When do you accept the lowest bid?

Whether you’re evaluating material requirements contracts, or shopping your purchase orders, when do you accept the lowest bid?  The answer is simple, ALWAYS.  You should always accept the lowest cost provider for your material requirements, resale products, and business supply items.  That said, it is important to appropriately evaluate their proposals beyond the unit price quoted.  Lowest cost is frequently not the lowest price.   When evaluating purchasing proposals, you must understand the “Total Cost” of doing business with your suppliers.

Four factors when assessing supplier proposals

  1. Unit Cost – This is the easiest one.  We often use unit or product cost when evaluating proposals.  It is very important we maintain competitive costs in order to efficiently run our businesses.   When other factors are met, we should base our purchasing decision on unit cost.
  2. Compliance or Conformance – Whether you’re purchasing raw bars of a metal alloy or electronic components, your product specification should clearly define your expectation.  Your specification will create the legal doctrine to protect your business if something goes wrong.  A product may look and feel like it meets your requirement, but inferior products or materials incorporated into your products may not be apparent for several months or years in the field.  To protect your business, establish good quality procedures to evaluate new suppliers and have the test systems and processes to check sensitive materials as they enter your business.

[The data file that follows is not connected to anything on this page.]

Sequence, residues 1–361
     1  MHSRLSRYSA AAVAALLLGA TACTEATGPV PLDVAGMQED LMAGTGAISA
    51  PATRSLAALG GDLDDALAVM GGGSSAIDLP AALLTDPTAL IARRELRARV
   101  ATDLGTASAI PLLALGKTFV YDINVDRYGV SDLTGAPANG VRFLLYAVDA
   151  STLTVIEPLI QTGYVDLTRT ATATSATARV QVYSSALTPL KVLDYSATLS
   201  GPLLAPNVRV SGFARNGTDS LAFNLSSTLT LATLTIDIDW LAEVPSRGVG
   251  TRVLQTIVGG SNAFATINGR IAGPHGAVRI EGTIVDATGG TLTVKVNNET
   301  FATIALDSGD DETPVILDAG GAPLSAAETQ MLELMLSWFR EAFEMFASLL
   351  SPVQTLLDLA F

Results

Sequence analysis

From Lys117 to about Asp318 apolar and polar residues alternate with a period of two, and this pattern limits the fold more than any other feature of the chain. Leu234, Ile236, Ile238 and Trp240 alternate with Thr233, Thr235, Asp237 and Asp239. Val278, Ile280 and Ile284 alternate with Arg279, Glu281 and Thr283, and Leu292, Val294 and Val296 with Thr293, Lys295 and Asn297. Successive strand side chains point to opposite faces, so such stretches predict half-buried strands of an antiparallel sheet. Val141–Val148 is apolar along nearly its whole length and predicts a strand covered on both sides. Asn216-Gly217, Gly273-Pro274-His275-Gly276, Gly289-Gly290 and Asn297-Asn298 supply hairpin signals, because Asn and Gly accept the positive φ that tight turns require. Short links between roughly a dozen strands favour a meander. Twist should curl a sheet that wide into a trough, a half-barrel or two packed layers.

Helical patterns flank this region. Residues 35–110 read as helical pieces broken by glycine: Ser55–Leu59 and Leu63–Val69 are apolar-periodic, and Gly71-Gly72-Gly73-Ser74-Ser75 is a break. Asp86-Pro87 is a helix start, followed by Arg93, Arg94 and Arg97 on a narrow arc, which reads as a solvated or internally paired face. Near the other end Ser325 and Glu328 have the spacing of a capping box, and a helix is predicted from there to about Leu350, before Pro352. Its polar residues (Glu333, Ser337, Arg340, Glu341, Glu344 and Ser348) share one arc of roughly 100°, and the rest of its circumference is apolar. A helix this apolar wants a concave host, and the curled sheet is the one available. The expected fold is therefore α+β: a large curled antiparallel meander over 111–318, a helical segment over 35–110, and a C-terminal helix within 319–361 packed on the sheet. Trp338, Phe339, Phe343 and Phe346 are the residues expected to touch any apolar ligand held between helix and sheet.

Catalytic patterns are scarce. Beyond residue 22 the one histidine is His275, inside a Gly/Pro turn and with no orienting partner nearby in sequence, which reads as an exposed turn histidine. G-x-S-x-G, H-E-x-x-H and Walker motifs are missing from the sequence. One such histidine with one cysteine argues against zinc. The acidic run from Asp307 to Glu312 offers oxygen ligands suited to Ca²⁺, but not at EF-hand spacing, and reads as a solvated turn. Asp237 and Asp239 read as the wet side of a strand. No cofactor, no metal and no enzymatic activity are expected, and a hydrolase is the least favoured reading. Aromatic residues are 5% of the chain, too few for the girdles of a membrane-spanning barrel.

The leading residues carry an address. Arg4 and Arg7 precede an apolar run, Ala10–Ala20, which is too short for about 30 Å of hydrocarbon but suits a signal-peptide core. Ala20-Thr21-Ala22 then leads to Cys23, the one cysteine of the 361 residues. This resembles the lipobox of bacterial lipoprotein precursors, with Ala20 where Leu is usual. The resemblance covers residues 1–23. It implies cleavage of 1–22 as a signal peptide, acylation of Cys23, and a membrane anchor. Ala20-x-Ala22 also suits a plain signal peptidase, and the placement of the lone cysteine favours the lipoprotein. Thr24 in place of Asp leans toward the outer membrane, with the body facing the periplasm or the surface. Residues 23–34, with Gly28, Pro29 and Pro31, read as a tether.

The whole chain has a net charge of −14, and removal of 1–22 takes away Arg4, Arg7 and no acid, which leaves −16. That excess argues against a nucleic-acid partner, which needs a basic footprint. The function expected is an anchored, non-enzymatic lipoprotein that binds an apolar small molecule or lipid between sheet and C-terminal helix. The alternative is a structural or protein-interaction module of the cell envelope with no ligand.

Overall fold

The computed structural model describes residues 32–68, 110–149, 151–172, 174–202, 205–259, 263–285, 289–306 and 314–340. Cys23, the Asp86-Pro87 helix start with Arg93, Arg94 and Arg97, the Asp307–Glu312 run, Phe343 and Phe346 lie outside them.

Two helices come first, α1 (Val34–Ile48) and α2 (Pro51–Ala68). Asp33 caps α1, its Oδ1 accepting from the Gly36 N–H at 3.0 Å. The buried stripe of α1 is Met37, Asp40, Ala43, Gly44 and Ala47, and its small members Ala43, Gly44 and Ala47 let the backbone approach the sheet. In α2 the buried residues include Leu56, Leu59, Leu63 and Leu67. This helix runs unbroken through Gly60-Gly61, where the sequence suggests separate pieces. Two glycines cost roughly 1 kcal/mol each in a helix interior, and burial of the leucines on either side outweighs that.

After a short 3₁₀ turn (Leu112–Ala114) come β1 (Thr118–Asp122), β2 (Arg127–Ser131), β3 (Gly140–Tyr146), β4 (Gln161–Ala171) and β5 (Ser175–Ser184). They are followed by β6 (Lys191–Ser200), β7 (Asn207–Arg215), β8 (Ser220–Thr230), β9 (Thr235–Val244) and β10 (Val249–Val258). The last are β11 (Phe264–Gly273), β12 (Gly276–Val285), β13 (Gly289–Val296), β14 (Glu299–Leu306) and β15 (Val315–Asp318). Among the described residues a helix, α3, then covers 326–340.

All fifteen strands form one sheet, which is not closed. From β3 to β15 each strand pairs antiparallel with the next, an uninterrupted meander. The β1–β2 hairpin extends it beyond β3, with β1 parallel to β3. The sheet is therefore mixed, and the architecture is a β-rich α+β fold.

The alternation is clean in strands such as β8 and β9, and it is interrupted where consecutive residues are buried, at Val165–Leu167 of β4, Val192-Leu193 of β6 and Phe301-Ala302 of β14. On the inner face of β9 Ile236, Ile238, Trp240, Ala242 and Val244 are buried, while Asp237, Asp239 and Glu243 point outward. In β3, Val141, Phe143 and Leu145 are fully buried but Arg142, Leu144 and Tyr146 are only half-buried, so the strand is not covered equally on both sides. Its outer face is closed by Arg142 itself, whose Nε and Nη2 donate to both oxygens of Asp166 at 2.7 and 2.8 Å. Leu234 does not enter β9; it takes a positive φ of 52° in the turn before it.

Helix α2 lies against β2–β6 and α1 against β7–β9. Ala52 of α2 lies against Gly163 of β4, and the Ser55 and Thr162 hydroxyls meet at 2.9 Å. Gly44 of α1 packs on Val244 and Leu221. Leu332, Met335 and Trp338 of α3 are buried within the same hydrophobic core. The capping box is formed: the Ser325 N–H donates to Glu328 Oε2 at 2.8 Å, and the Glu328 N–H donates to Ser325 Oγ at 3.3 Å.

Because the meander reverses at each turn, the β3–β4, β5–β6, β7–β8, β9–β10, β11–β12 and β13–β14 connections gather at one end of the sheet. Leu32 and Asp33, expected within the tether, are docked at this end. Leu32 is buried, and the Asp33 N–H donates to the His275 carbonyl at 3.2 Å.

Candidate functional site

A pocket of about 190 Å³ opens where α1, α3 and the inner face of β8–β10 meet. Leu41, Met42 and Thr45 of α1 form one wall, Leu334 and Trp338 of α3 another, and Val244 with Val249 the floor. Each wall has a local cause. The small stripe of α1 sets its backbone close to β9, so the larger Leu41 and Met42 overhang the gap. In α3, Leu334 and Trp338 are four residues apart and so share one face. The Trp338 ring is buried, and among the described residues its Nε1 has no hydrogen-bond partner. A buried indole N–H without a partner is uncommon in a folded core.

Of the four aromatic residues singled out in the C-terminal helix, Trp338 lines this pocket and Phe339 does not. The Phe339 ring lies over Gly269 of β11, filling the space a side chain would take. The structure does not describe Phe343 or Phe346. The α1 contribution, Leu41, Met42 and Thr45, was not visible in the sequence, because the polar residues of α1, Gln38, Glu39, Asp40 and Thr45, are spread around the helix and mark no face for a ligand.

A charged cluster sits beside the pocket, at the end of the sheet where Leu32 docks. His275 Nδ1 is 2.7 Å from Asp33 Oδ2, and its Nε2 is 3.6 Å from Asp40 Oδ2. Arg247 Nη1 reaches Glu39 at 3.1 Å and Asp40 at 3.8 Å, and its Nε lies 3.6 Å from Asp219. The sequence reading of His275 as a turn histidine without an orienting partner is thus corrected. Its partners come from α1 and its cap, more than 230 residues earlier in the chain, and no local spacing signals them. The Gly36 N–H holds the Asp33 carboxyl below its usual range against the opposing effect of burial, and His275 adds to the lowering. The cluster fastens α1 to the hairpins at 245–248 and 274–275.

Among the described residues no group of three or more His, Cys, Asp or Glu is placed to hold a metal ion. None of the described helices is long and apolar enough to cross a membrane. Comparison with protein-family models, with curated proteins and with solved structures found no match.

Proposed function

3. Supplier Performance – It is important to measure your supplier performance on an ongoing basis.  If your supplier is unable to meet delivery schedules, or have issues delivering products that pass your quality receipt inspections and / or tests, then your cost of doing business goes up.  Your purchasing department’s primary objective is to meet the production / customer demand.  If lack of product shuts down the plant or reduces revenue, the purchasing department is held accountable.  When we do business with unreliable suppliers, we tend to cover for them by adding safety stock to our material requirements.  This adds unnecessary dollars to our inventory, ties up our cash and could create liquidity issues.  I have personal experience with a company that maintained $1 million in extra inventory to cover poor supplier performance.
  4. Product Image / Acceptance (Resale) – Your supplier’s brands and their image may be important to your marketplace.  Sometimes competing resale products may meet all the specification and performance requirements, but one is embraced and accepted by the marketplace, and one is not.  When you produce high quality products, you want your product to be associated with high quality companion products.  Sometimes the only difference is perception and marketing, but it is not up to you to promote your suppliers’ products.  It is important to partner with suppliers that meet your company’s image, are accepted by the marketplace, and share your value proposition.®

Once you have established your purchasing criteria, qualified your suppliers, and coordinated your products to meet your sales and corporate strategic objectives, then unit price becomes a critical factor.  Relationships and other soft criteria should be ranked below the above factors and especially unit cost.  Before you make your purchasing decision, you must understand your “Total Cost” of doing business with your suppliers in order to effectively manage your business.

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